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Giovannino Oliviero Giuseppe Guareschi (Italian: [dʒovanˈnino ɡwaˈreski]; May 1, 1908 – July 22, 1968) was an Italian journalist, cartoonist and humorist whose most famous creation is the priest Don Camillo.
Giovannino Guareschi was born in Fontanelle di Roccabianca in the Province of Parma into a middle-class family. Guareschi always joked about the fact that he, a large man, was baptized Giovannino, a name meaning "little John" or "Johnny". In 1926 his family went bankrupt, and he could not continue his studies at the University of Parma. After working at various minor jobs, he started to write for a local newspaper, the Gazzetta di Parma. In 1929 he became editor of the satirical magazine Corriere Emiliano, and from 1936 to 1943 he was the chief editor of a similar magazine called Bertoldo.
When Italy signed the armistice with Allied troops in 1943, he was arrested and imprisoned in prison camps in German occupied Poland for almost two years alongside other Italian soldiers. He later wrote about this time in Diario Clandestino (My secret Diary).
After the war, Guareschi returned to Italy and founded a monarchist satirical magazine, Candido. After Italy became a republic, he began to support Democrazia Cristiana. He criticized and satirized the Communists in his magazine, famously drawing a Communist as a man with an extra nostril. When the Communists were soundly defeated in the 1948 Italian elections, Guareschi did not put his pen down but criticized Democrazia Cristiana as well.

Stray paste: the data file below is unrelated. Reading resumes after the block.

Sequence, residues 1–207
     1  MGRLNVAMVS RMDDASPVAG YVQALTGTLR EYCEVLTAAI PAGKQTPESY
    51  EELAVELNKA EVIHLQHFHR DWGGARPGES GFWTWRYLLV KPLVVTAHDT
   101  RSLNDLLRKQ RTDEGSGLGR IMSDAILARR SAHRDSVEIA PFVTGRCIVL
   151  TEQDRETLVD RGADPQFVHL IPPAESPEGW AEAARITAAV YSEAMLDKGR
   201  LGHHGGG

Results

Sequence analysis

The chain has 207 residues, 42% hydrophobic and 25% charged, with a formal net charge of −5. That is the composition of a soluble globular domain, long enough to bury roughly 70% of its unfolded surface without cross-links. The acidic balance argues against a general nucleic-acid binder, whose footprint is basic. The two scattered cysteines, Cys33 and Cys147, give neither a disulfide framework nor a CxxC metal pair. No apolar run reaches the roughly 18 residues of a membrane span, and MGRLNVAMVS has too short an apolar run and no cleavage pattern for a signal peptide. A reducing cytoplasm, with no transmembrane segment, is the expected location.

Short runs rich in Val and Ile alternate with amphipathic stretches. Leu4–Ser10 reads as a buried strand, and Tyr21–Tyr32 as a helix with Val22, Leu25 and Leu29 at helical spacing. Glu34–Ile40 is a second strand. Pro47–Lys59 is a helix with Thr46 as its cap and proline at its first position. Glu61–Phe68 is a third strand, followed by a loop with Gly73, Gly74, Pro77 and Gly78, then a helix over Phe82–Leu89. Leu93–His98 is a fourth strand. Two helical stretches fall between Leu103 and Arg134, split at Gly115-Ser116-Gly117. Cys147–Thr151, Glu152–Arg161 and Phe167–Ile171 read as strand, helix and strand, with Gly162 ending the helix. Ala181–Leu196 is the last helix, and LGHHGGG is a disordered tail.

In 1950, Candido published a satirical cartoon by Carlo Manzoni poking fun at Luigi Einaudi, President of the Republic. The President is at the Quirinal Palace, surrounded by, instead of the presidential guard of honour (the corazzieri), by giant bottles of Nebbiolo wine, which Einaudi actually produced in his land in Dogliani. Each bottle was labeled with the institutional logo. The cartoon was judged in Contempt of the President by a court of the time. Guareschi, as the director of the magazine, was held responsible and sentenced.
In 1954 Guareschi was charged with libel after he had published two facsimile wartime letters from resistance leader and former Prime Minister Alcide De Gasperi requesting the Allies to bomb the outskirts of Rome in order to demoralize German collaborators. The legitimacy of the letters was never established by the court, but after a two-month trial it found in favour of De Gasperi. Guareschi declined to appeal the verdict and spent 409 days in Parma's San Francesco jail, and another six months on probation at his home.
By 1956 his health had deteriorated and he began to spend time in Switzerland for health reasons. In 1957 he retired from the post of editor of Candido but remained a contributor. He died in 1968 in Cervia from a heart attack.